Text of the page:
Figure 4 Credits: Courtesy of The LEGO Group Caption: Eight Minifigures bore the Yellow Castle flag’s crown on their breastplates and shields. Later Minifigures had emblems printed directly on their chests. Most infantrymen have a helmet that has a nose guard and flares out to protect the neck.
Figure 5 Credit: The LEGO® Group Caption: The LEGO® Group introduced Minifigures in 1978. These five Minifgures represented three product lines: LEGOLAND® Town, LEGOLAND® Space, and LEGOLAND® Castle. From left to right, we have a Classic Astronaut from LEGOLAND® Space, a policeman and a doctor or nurse from LEGOLAND® Town, a foot soldier from the Yellow Castle in LEGOLAND® Castle, and the Fire Chief from LEGOLAND® Town.
Castle Minifigures (Set #0016) in 1978 consisted of three foot soldiers who each had one sword. These foot soldiers were the first LEGO® Castle Minifigures to have a coat-of-arms emblem printed on their torsos. This set saw the introduction of three new factions. Each had a different shield-shaped coat-of-arms emblem on his chest. One was red-peach checkered, one was tricolored, and one divided vertically in two between red and gray halves.
Issued in 1979, Set #677 (Knight’s Procession), called Medieval Knights in the U.K., consisted of six Minifigures™: two axemen who pulled a handcart and four swordsmen who provided additional protection. The LEGO Group introduced conical helmets (Part #3896) for infantrymen when they appeared on the two axemen who came with Knight’s Procession.
Also issued in 1979, Set #383 (Knight’s Tournament) consisted of two mounted knights, two axemen, a lord and lady, a pavilion with two thrones, and a pine tree. This was to be the first of several tournament sets. All of the Minifigures™ in the LEGOLAND® Castle product line were soldiers, except for the lord and lady who sat in the Knight’s Tournament. There was a common assumption they were a king and queen. The lord and their guards had the tri-color emblem printed on their chests. This emblem was also on stickers that went on the two flags that flew over the pavilion. The torso of the lord was unique and had gold trim. The lady had white legs and white torso with gold necklace printed on the chest. He had the standard Male Hair element and she had a Female Hair element with pigtails. The two guards were armed with poleaxes, but wore the helmets with nose guards rather than the conical helmets. The two knights that came with this set had emblems printed on their chests and did not have breastplates. Their emblems were also printed on their triangular shields. One of the knights had a black torso and arms with the red-peach checkered shield emblem on his chest and shield. The other had a blue torso and white arms with red quarters shield printed on his chest and shield. This set was reissued in 1981.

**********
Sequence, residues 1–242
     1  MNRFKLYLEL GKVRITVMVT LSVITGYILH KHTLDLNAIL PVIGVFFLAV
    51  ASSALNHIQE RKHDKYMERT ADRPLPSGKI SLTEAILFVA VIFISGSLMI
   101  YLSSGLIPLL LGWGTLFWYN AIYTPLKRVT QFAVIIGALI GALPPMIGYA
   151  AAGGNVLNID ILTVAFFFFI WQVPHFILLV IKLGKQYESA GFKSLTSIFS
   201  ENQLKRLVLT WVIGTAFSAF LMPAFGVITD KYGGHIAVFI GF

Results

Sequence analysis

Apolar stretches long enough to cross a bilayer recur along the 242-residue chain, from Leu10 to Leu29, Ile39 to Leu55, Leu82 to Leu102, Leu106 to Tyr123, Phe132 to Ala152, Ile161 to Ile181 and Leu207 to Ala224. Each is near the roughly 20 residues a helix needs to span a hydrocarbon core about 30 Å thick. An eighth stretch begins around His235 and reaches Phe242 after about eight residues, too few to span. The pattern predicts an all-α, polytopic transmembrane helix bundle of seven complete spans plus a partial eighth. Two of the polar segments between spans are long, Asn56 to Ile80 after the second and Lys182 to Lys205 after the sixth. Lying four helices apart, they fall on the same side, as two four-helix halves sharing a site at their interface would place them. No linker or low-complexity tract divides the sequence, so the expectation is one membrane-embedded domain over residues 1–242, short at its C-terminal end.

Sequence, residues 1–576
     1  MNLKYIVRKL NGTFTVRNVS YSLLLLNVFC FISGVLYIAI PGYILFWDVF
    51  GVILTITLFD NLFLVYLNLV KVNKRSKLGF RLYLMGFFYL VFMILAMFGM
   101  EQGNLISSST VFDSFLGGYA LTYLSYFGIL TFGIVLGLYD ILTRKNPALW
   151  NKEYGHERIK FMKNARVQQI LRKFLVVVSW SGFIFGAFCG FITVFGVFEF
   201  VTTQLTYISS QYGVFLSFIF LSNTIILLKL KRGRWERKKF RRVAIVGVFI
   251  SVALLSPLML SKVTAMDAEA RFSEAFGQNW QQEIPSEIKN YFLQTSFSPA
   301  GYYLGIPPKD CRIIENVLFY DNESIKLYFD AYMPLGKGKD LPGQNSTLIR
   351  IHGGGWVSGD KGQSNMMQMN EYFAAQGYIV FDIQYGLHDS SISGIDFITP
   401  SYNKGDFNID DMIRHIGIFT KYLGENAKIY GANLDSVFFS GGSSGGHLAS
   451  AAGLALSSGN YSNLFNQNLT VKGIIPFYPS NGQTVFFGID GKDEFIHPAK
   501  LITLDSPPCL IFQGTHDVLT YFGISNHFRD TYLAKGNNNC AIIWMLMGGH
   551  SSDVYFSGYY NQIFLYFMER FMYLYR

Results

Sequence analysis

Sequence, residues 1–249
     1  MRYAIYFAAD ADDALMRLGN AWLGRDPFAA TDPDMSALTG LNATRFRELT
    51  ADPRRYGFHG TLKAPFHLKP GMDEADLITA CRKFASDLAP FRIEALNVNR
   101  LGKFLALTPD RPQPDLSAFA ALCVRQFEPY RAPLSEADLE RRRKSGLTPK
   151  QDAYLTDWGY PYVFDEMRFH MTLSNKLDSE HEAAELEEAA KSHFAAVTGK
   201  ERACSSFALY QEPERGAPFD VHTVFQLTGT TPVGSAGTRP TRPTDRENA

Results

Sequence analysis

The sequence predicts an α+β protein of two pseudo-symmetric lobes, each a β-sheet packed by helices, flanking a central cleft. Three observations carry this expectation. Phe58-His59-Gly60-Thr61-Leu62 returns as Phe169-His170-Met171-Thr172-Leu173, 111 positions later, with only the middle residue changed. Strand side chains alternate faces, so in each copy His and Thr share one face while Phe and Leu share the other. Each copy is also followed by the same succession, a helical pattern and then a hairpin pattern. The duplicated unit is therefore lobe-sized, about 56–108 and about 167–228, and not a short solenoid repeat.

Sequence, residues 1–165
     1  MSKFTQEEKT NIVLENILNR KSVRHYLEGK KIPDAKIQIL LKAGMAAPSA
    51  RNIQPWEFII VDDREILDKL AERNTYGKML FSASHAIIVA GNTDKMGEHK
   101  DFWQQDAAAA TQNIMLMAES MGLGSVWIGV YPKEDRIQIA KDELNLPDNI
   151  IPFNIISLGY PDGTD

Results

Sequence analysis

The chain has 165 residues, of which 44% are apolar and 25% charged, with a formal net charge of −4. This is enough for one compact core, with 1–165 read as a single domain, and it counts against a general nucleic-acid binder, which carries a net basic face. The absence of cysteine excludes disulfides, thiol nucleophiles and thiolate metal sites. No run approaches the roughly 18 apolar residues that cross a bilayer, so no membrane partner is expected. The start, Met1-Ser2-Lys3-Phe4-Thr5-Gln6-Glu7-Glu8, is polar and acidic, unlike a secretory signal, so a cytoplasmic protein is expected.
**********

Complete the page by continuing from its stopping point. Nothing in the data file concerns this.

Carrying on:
Figure 6 Credits: Courtesy of The LEGO Group Caption: The first LEGO® Castle jousting set was Knight’s Tournament (Set #383), released in 1979, consisted of two mounted knights, two brick-built chargers (warhorses), two axemen, a lord and lady, a pavilion with two thrones, and a pine tree.
Castle Minifigures (Set #6002) in 1983 had two black knights with the checkered emblem and two foot soldiers with the half-red, half-gray emblem. The knights did not have chargers. It rather strangely came with three weapons (a poleaxe, a battle axe, and a sword) instead of four and only one shield.
Also issued in 1983, Castle Minifigures (Set #15-1) had four knights and two axemen. There were two knights with black torsos with red arms and black legs. The red-peach checkered emblem was printed on their chests and shields. They had gray helmets with black visors. They were armed with brown lances (representing wooden weapons) rather than gray lances (representing metal weapons). There were two knights with blue torsos with white arms and white legs. They had the red quarters shield printed on their chests and shields. They had gray helmets with red visors. They were armed with swords. None of these knights had chargers. The axemen, had red torsos and legs, gray arms, the half-red, and the half-gray emblem on their chests. They wore conical helmets, and carried poleaxes.
 The Black Falcons seemed to have been a favorite faction amongst LEGO Group executives and master model builders. It was manufactured the longest of any subtheme. In 2002, The LEGO Group re-issued the Black Falcon’s Fortress as part of the LEGO® Legends product line as Set #10039. The next year, The LEGO Group introduced a Black Falcon memo pad in the Office & School Supplies product line in 2003. Two Black Falcons shields appeared in Set #4768 (The Durmstang Ship) from the defunct LEGO® Harry Potter™ product line in 2005. A Black Falcons foot soldier appeared in Vintage Minifigure Collection, Volume 3 (Set #852697) in 2009.
 Originally, all of them were light gray, but dark gray, black, and silver-colored variants have appeared over the years to match the color schemes of new factions.
 Conical helemts have also appeared in various colors over the years, and were later used for archers and crossbowmen. Around the turn of the century, kettle hat-type helmets replaced conical helmets.